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Police officer sues over transfer from department’s news media office

Updated: February 19, 2014 12:04AM

A former officer in the Chicago Police Department’s news office has filed a lawsuit alleging she was unjustly transferred out of the department after she reported that another officer yelled and swore at her during a workplace confrontation.

Laura Kubiak, now a patrol officer who worked in the Office of News Affairs from 2000 to 2013, filed the suit in U.S. District Court on Tuesday against the city and two of her former supervisors.

The suit alleges that another officer in the division accosted her without provocation. When Kubiak reported the alleged assault to her supervisors, the other officer was not disciplined, while she was transferred to another, more dangerous, position as a patrol officer, she claims.

In November 2012, Kubiak and a co-worker, also a News Affairs officer, were leaving after their shift ended when a third News Affairs officer — one who had been sued at least three times for excessive use of force — ran toward the two, the suit claims.

The officer was “enraged” by a report Kubiak had drafted for the media — one of the primary duties of officers assigned to the Office of News Affairs.

“[The officer] ran up to Officer Kubiak, interfering with her ability to leave, and screamed at her, ‘Who the f--- do you think you are, you stupid b----?’” the suit stated. “[The officer] repeatedly shook his finger in Officer Kubiak’s face and then swung his hand back as if to strike her.”

Kubiak feared for her safety and backed away, jerking her head to the side, at which point the co-worker attempted to calm the officer yelling at Kubiak, the suit stated.

The officer continued to yell at Kubiak, adding “You are nothing, you are a stupid b----, you don’t know how to be the police, I am the police, I am the real police,” according to the suit.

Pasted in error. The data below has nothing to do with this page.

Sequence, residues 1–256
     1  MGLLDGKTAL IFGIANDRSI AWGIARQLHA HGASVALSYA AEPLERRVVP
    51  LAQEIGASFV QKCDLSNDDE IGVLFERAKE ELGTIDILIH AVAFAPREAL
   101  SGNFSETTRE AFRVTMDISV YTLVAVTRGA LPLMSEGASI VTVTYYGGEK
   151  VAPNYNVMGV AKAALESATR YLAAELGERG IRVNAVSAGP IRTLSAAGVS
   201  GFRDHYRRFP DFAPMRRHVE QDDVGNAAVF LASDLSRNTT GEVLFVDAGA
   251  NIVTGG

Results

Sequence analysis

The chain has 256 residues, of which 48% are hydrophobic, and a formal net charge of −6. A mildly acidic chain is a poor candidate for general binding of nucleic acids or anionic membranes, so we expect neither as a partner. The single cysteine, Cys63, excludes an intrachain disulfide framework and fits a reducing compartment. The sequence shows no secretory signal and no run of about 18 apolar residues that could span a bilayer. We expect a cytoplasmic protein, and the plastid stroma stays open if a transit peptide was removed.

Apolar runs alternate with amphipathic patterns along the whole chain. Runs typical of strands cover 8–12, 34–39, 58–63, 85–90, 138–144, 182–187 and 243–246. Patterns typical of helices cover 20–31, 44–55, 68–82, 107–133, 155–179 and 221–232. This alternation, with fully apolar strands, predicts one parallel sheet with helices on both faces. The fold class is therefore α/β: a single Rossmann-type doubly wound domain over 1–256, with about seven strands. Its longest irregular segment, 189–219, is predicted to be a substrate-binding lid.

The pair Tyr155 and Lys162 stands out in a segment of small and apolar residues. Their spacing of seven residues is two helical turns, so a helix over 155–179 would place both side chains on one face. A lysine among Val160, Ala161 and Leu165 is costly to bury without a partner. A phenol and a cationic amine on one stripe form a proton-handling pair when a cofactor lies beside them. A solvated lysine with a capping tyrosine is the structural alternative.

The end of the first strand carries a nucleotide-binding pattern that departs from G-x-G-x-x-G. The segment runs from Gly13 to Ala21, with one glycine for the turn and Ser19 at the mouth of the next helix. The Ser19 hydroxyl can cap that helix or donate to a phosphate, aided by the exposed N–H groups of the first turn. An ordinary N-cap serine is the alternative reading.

Kubiak went back to her desk and called the director of News Affairs to tell her what had occurred. Kubiak told the director the officer who yelled at her “had similar outbursts in the past towards her,” the suit stated. While Kubiak was on the phone, the officer who confronted her followed her back to her desk and “continued to berate and intimidate her,” according to the suit.

The next day, Kubiak spoke to the News Affairs director again about what happened. The director said she “didn’t have time” to discuss it with Kubiak and that those involved should discuss it at a later, unspecified time, the suit stated.

“Instead [the director] warned Officer Kubiak, ‘don’t embarrass the Superintendent’,’” the suit stated.

Kubiak then requested at least two meetings with another lieutenant to discuss the incident, which the lieutenant never agreed to. At that point, Kubiak submitted a memorandum that led to an Internal Affairs investigation into the officer, the suit stated.

Despite the memorandum, the lieutenant assigned Kubiak to work with the officer two weeks after the incident occurred, the suit stated. Kubiak had previously told her supervisor “she did not feel safe working with [the officer].”

In mid-February 2013, the Internal Affairs Division told Kubiak her complaint against the officer had been sustained. The other co-worker with whom Kubiak was leaving at the time of the confrontation corroborated her complaint, the suit stated.

Less than two weeks later, Kubiak and the officer who corroborated her claims were both transferred out of News Affairs. Kubiak was sent to “one of the more dangerous neighborhoods in Chicago as a beat officer on the midnight shift,” according to the suit.

The officer who allegedly assaulted Kubiak remained in the News Affairs office as of Feb. 18, 2014. He is not named as a defendant in the suit.

The city of Chicago, the lieutenant and the then-director of News Affairs were named as defendants.

A spokesperson for the city’s Department of Law did not comment on the suit Tuesday.

The three-count suit alleges retaliation in violation of the First Amendment; conspiracy in deprivation of Constitutional rights; and a violation of the Illinois Whistleblower Act. It seeks an undisclosed amount in damages.

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